If there is one lesson marketers have learned over the decades, it’s that all the marketing, creativity and media dollars in the world are no match for a recommendation from good ole mom and dad, a co-worker or the local yoga instructor.
While consumers have unprecedented access to product information to guide their purchasing decisions, recent research from the consulting firm Deloitte and others shows that consumers still overwhelmingly favor the opinions of their family members, friends and fellow consumers over bloggers, retail associates and other so-called experts. In a May 2014 survey of consumers, Deloitte found that 60 percent of respondents ranked recommendations from family and friends and customer reviews as the most trusted source of information on products and services, dwarfing the 43 percent who selected independent product/service experts or the 12 percent who chose product manufacturer/service providers.
The good news is that the same digital infrastructure that has shifted so much power to the consumer also has enabled marketers to influence prospects during the earliest stages of their research. This is when they’re still gathering recommendations from friends and family via their social media networks and researching options on manufacturer and retailer websites.
“Buyers have been researching your product long before they contact you,” says Barbara Thomas, founder of marketing firm Creative Tactics. “They are about 65 percent through the sales cycle by then. The key is to reach the people they are talking to before they are there.”
Thomas has carved out a niche by helping business-to-business companies identify and leverage what she calls, “customer advocates.” These are the customers who willingly share their positive experiences with a product or service provider with their peers, family and friends.
“That is something you don’t see on a normal spreadsheet,” Thomas says, before citing research that shows that uncompensated customer advocates can be up to five times more valuable than other customers. That’s because they not only spend more, but because the customers they refer tend to remain customers much longer.
Connections trump knowledge Many small businesses were reminded of this during the last recession, but the idea has gained currency since then, according to “The Shift Index,” a series of reports Deloitte began publishing in 2010 in an effort to determine why the return on assets among U.S. corporations had declined steadily since 1965.
Deloitte found that rapid technological innovation had shifted the advantage from companies that had accumulated large stores of information over a long period of time, to those that could harness the digital infrastructure to quickly form networks and tap flows of information. In other words, an organization’s ability to connect trumped its stores of intellectual property, including patents that may have taken years to develop but could become obsolete long before expiring.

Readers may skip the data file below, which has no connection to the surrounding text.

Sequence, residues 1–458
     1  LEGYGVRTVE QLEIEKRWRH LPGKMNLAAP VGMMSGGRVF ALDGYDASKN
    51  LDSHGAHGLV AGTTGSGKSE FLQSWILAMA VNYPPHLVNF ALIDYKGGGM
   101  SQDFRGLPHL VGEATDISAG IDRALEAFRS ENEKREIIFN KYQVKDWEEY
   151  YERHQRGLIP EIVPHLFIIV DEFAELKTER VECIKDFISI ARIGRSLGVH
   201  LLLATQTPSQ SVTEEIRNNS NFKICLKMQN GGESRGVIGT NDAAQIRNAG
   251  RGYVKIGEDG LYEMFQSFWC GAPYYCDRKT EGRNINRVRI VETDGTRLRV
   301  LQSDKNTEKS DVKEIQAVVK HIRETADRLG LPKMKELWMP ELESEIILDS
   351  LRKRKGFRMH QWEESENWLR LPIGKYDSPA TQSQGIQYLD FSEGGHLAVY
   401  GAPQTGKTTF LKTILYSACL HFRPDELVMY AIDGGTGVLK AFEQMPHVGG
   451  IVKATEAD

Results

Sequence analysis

The Connection Age had supplanted the Information Age.
More relevant to the marketer was finding that wide availability of product information, especially prices, had eroded consumer brand loyalty. With 24/7 access to detailed product descriptions and price information, consumers were in a position to demand more.
“It’s not enough to have a great product anymore,” says Meghan Skiff, founder of Mixy Marketing, an in-bound marketing firm that has carved out a niche helping tech startups. “That’s just one box checked, but customers expect a lot more than that. They expect service, intelligence, consultative relationships, value through content and things like that. You have to be really great at serving your customer.”
Brands have turned to marketers like Skiff to help distinguish themselves in a sea of sameness and they are responding by using social media, data analytics and good old fashioned content marketing to engage customers like never before. “Now, for the first time, we can form an actual relationship with our customers based on a dialog that will actually serve them in a way that helps our business,” Skiff says.
Skiff cites the example of one brand that learned how to use social media to develop a deep understanding not only of the companies it was trying to sell to, but its employees, who would ultimately be using its products. The company used those insights to craft content and a service model that resonated deeply with its target customers and enabled it to displace more established companies as an industry thought leader.